Haikerwal resignation raises concerns about PCEHR: AMA
The Australian Medical Association (AMA) has issued a statement on the resignation of NEHTA's head of clinical leadership, Mukesh Haikerwal, and other members of the clinical leads team, saying it raises “serious concerns” about clinical input into decision-making in the implementation of the PCEHR.
Pulse+IT understands that Dr Haikerwal actually resigned several days ago, along with a number of other clinicians who have acted as clinical leads for NEHTA.
Melbourne GP and researcher Chris Pearce confirmed to Medical Observer that he had resigned, but said it was because he wanted to concentrate on research. MO also reported that many of the clinical leads' contracts with NEHTA had come to an end this month.
AMA president Steve Hambleton said in a statement that the organisation had long advocated that the success of the PCEHR depended on how it met clinical needs.
“The PCEHR simply will not be effective if doctors – the people who patients trust most with their health care – do not have a say on what goes on the electronic medical record and how that information is accessed and used, and by whom,” Dr Hambleton said.
“This has been a sticking point for the medical profession all along. That is why the AMA has pushed for a more consultative approach to the PCEHR implementation with priority to be given to ailments, treatments, tests, and medications.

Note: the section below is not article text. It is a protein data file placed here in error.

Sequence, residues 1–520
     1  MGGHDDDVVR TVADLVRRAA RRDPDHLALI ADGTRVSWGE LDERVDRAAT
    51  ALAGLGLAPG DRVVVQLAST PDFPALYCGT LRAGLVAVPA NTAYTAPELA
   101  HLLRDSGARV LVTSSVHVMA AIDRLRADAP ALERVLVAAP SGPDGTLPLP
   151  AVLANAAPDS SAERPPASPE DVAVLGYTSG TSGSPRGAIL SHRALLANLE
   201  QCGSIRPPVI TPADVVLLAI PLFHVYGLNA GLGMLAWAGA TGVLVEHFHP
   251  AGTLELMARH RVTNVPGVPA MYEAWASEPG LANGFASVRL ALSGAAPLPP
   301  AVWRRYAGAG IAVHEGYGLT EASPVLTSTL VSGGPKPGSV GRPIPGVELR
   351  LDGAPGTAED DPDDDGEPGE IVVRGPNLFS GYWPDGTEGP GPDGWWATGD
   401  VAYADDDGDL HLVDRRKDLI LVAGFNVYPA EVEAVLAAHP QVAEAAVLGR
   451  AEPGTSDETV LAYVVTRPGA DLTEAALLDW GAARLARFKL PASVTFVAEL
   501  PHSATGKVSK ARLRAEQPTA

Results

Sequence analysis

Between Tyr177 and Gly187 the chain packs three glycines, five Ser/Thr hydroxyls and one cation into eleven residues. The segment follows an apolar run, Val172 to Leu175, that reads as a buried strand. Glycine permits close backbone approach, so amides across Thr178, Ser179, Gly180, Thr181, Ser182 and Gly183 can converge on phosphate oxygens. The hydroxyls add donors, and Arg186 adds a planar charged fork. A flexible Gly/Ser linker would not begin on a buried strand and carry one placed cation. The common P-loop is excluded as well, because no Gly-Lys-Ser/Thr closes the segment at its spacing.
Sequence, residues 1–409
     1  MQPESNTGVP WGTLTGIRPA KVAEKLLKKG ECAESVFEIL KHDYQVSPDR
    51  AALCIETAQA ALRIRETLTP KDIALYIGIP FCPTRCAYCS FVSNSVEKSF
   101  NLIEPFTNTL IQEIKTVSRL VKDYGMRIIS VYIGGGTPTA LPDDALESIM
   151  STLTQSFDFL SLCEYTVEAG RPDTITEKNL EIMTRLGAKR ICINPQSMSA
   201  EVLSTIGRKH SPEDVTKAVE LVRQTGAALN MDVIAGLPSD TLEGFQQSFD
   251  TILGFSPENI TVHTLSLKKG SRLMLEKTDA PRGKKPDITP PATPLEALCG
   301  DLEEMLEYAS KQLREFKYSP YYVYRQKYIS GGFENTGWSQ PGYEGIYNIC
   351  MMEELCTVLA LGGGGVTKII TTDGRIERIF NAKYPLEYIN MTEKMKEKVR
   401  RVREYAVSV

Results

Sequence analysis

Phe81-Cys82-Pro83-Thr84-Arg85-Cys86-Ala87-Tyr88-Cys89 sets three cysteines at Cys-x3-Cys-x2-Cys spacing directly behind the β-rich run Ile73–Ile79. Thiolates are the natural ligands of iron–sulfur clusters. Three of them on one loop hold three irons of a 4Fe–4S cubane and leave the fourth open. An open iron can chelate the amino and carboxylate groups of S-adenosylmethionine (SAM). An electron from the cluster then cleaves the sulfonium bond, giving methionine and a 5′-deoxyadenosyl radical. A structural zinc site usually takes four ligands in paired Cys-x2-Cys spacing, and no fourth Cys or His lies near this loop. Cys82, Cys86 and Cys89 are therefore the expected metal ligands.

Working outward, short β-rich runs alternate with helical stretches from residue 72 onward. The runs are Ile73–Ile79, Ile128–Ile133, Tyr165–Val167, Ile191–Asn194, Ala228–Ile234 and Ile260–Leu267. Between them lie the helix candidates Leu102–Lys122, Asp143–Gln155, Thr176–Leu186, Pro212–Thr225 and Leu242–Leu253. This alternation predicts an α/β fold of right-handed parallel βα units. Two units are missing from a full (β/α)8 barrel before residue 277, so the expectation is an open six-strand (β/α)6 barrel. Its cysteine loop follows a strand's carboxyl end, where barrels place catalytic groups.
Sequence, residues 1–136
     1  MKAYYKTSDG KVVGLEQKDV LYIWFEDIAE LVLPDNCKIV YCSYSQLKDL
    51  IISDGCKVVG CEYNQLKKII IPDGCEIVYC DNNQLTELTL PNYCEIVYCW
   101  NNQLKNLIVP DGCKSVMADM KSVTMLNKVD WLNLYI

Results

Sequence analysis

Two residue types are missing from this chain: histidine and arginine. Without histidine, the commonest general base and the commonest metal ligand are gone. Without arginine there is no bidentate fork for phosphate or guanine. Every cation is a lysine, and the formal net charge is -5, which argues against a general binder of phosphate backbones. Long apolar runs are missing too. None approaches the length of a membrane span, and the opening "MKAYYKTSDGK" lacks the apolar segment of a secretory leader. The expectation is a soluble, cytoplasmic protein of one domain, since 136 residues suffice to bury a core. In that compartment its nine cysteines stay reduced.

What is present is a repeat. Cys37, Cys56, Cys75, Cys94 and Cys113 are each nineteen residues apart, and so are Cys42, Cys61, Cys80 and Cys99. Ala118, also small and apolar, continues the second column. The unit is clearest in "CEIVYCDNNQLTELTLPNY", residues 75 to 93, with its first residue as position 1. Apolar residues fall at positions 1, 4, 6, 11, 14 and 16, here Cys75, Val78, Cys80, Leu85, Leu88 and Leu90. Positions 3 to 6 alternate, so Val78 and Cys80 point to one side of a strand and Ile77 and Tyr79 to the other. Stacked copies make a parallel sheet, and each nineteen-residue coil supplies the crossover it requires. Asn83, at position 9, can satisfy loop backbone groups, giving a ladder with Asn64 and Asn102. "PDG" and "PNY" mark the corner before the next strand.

“This is the sort of expertise that Dr Haikerwal and his colleagues brought to NEHTA and the whole e-health sector.
“Mukesh has been a passionate advocate for e-health in this country, on behalf of doctors and patients, for more than a decade.
“The AMA is proud of his direction and leadership in this important area of medicine, and we are disturbed that he has chosen to resign.”
Dr Hambleton said the “unrest and disquiet” came at a difficult time as the federal election neared, with much more work to be done to refine eHealth systems.
“Clinical guidance and input remains crucial to a successful implementation,” he said. “There are still some fundamental aspects of the design that means the PCEHR is not useful from the medical practitioners' perspective.
“If the system is not being used by clinicians, we need to know why, and then make the necessary changes.
“We cannot afford to lose the significant investment that the nation has made in this important health infrastructure.
“With the Government in caretaker mode, DoHA and NEHTA must urgently assure the health sector and the public that the PCEHR remains on track, and that clinicians will continue to have a major role in decision-making.”
Posted in Australian eHealth